What the hell do I do????

Alex is chompin' at the bit to use this computer so he can rant about this latest problem in our on-going series. I haven't checked his blog lately, but I imagine it's probably quite interesting these days.

In the meantime, any advice you guys have will be much appreciated!

Homeward Bound
PLUS
Things I Will/Will Not/Have/Have Not Miss(ed)

Greetings from a cheap and yucky Charlottesville motel. We're on our way home. We were supposed to leave by Tuesday, but moving without any help has proven to be a much bigger deal than I could have possibly imagined. Setting up a household in another city, even if only for 4 1/2 months, means having to stock it and furnish it. I had to buy a lot of things for the house (the kitchen alone was a major deal to furnish) and Renard and I stuffed every inch of the car with things from home when we brought it up in October. Now, everything had to be either returned home or given away. Most of the things we gave away to other families from New Orleans or gave back to the hurricane relief organization that found us housing and helped us with the furniture. But you'd be amazed how much was left- all the stuff we brought, the things people sent us and all the things we bought that we could use back home- staggering.

We rented a cargo van and drove to a trucking terminal and loaded it into a container to be trucked to a terminal in New Orleans where we will have to go and unload it and get it back to my mom's. This cost us $525 and was cheaper than renting a truck and towing the car. But, we didn't pack everything we needed to pack and had more than could fit in the car. So, we gave more away and sent the rest home via UPS. Virtually every cubic inch of the car is packed and we can barely squeezed into it. We have about 20 hours of highway to which to look forward in my 12 year-old car that burns oil. I've got a spare 3 quarts in the trunk but I'm not sure if I can get to it with all the stuff back there. So, say a little prayer for us.

So, as we end this exile and this unforgettable chapter of our lives with our return to Chocolate City, (whatever it is or will be, it's certainly not Big or Easy anymore), I offer you this working list of things I will/will not/have/have not miss(ed)...


Things I Will Miss About Virginia: (in no particular order)

  • Looking out of the window and seeing the Blue Ridge Mountains in the distance.
  • Slopes and hills instead of endless flatness.
  • Having enough trees around the place I live to make me feel like I'm near surrounded by nature without the idea scaring me.
  • Seasons that change.
  • Fall colors.
  • All the flowers that grow here but can't be grown in N.O. because of the heat.
  • Seeing wild deer grazing here and there.
  • Being 2 hours from Washington D.C.
  • Living in a city that has an Ethiopian restaurant.
  • Being able to be the musician I am rather than being first known as the wife/ex-wife or girlfriend of a musician, and for that reason, being easily dismissed as such.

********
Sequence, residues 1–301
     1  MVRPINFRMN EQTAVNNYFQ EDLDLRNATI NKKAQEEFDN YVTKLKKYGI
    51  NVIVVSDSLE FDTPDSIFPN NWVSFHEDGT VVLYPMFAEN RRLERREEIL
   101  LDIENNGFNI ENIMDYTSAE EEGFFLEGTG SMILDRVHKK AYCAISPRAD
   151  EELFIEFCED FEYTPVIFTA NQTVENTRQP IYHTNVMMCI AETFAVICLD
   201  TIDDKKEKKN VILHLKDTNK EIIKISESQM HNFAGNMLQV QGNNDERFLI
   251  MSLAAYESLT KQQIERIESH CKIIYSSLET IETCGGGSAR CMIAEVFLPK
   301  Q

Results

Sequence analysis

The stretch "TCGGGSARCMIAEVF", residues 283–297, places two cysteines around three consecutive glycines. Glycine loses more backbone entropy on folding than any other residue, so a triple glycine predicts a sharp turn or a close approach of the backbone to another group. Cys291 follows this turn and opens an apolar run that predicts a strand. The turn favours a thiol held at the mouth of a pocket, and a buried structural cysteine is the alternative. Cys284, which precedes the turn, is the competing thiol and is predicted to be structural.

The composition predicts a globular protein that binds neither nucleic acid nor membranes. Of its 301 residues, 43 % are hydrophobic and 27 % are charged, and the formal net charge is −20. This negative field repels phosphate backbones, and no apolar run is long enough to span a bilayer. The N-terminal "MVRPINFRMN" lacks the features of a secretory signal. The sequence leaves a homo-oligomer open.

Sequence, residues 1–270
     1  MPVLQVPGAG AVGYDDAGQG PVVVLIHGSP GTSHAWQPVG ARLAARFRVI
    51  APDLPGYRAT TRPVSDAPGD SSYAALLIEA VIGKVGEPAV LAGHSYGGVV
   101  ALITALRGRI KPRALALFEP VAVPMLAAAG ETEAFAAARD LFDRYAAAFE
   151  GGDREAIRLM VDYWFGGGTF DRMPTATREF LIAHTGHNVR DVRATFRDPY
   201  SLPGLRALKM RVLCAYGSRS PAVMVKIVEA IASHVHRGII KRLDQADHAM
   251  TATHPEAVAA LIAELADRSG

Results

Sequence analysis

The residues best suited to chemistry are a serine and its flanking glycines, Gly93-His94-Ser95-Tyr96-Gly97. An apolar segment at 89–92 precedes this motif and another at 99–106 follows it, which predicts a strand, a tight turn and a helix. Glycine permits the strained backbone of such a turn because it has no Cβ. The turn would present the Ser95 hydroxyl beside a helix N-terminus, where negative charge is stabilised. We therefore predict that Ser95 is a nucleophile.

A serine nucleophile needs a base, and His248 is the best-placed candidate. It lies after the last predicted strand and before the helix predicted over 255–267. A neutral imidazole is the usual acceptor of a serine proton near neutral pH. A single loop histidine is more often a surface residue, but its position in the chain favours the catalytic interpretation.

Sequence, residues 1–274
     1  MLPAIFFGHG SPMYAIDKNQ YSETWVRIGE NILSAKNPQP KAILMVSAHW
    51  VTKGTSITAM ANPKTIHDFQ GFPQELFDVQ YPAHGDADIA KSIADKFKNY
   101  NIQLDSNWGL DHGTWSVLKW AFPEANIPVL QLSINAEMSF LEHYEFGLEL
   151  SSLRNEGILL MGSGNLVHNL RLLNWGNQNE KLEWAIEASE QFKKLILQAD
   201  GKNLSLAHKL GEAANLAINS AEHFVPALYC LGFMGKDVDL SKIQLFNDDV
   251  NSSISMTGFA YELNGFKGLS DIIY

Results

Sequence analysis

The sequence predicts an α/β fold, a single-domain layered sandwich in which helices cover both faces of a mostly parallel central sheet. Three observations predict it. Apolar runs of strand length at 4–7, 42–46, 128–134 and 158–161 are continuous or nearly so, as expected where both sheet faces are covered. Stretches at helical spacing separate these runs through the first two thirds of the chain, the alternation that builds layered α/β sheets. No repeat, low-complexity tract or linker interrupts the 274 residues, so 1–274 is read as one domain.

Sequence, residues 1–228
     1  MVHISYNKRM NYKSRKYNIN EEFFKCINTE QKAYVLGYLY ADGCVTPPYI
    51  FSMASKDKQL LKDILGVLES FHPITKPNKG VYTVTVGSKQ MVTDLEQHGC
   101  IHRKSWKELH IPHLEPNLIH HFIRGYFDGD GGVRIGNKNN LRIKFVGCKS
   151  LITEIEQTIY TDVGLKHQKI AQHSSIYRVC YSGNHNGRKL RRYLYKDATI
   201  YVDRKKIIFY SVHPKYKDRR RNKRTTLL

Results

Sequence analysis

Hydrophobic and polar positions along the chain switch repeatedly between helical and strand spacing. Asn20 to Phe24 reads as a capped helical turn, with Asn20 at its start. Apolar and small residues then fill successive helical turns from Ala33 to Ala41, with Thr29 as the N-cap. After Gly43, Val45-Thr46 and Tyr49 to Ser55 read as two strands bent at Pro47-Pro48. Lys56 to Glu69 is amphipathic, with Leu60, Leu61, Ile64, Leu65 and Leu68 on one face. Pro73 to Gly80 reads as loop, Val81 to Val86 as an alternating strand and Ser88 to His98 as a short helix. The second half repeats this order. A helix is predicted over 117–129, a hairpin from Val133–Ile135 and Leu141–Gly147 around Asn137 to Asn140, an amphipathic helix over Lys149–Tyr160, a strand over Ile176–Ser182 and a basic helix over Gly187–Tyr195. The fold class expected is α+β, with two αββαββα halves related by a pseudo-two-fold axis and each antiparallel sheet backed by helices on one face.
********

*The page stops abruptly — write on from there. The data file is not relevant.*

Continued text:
• Snow.
  • Snow days (off).
  • Sunrises and sunsets like the ones I photographed and will post once I'm home and have a computer with internet access again.
  • Living at elevation that's not preceded by a negative sign.
  • Being in 20 minutes from the Blue Ridge Mountains.
  • Seeing rock outcrops on the side of the highway. Actual rock.
  • Being able to drink the tap water without worrying about heavy metal poisoning.
  • Excellent public schools.
  • Little rocky babbling streams all over the place.
  • Hearing service employees say, "thanks and have a nice day," after a transaction and it sounds like they sincerely mean it.
  • Being able to leave little dinky things in plain view in my car (like a cell phone charger or an umbrella) without having to worry about someone breaking the window to steal it.
  • A socially conscious community that walks the talk and where people set up charities to actually help others without skimming the donations for themselves.
  • A well-managed state and local government where corruption isn't the accepted norm.
  • Lots of really kind and genuine people.
  • Being able to drive for miles and miles without ever hitting a pot hole.
  • A place to live that has real, functional closets!
  • The master bedroom suite and the big roman bath tub.
  • Having a working fireplace in the house and easy access to wood.
  • Not having seen a cockroach in months. (It's the most consistently uttered benefit of living here that I've heard from all the other Katrina exiles I've met, as well.)
  • Going outside without being eaten alive by mosquitoes.
  • Low humidity and all the stars you can see at night when there's not excessive moisture hanging in the air.
  • Needing to drive only 5 minutes to find places dark enough to see constellations, "falling stars" and the the Milky Way streaked across the night sky.
  • Having a month of temperatures hovering between 17 and 40 degrees and getting a utility bill for only $200. (An energy-efficient place to live.)
  • Food stamps and Medicaid- but they were temporary anyway.
  • The giant recycling center.
  • The idea of a house with a basement. (Forget those in N.O.)
  • People who actually use their turn-signals and don't drive slow in the left lane.
  • Having a grocery store in my neighborhood.
  • The handful of friends I made here.

Things I Will Not Miss About Virginia (in no particular order)

  • The high cost of living. (Because this city always lands on those "Best Places to Live in The U.S. lists.)
  • Worrying about hitting a deer on the highway.
  • Living in a place with wall to wall carpeting.